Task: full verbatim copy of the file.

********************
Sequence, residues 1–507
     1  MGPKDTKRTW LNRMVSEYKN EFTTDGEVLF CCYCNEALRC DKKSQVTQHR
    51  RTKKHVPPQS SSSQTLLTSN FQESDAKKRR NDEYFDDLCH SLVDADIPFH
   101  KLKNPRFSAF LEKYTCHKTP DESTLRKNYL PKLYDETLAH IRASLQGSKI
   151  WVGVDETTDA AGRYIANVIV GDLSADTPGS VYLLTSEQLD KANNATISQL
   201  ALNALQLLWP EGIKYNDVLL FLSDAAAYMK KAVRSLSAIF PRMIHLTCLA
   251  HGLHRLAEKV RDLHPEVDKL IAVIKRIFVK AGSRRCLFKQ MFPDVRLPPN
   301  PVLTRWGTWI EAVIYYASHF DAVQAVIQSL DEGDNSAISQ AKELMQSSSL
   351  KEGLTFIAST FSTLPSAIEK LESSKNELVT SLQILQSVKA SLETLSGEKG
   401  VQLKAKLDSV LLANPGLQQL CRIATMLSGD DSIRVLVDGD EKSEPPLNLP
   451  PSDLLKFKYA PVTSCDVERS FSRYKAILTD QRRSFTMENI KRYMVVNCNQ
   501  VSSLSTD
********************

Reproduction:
Sequence, residues 1–507
     1  MGPKDTKRTW LNRMVSEYKN EFTTDGEVLF CCYCNEALRC DKKSQVTQHR
    51  RTKKHVPPQS SSSQTLLTSN FQESDAKKRR NDEYFDDLCH SLVDADIPFH
   101  KLKNPRFSAF LEKYTCHKTP DESTLRKNYL PKLYDETLAH IRASLQGSKI
   151  WVGVDETTDA AGRYIANVIV GDLSADTPGS VYLLTSEQLD KANNATISQL
   201  ALNALQLLWP EGIKYNDVLL FLSDAAAYMK KAVRSLSAIF PRMIHLTCLA
   251  HGLHRLAEKV RDLHPEVDKL IAVIKRIFVK AGSRRCLFKQ MFPDVRLPPN
   301  PVLTRWGTWI EAVIYYASHF DAVQAVIQSL DEGDNSAISQ AKELMQSSSL
   351  KEGLTFIAST FSTLPSAIEK LESSKNELVT SLQILQSVKA SLETLSGEKG
   401  VQLKAKLDSV LLANPGLQQL CRIATMLSGD DSIRVLVDGD EKSEPPLNLP
   451  PSDLLKFKYA PVTSCDVERS FSRYKAILTD QRRSFTMENI KRYMVVNCNQ
   501  VSSLSTD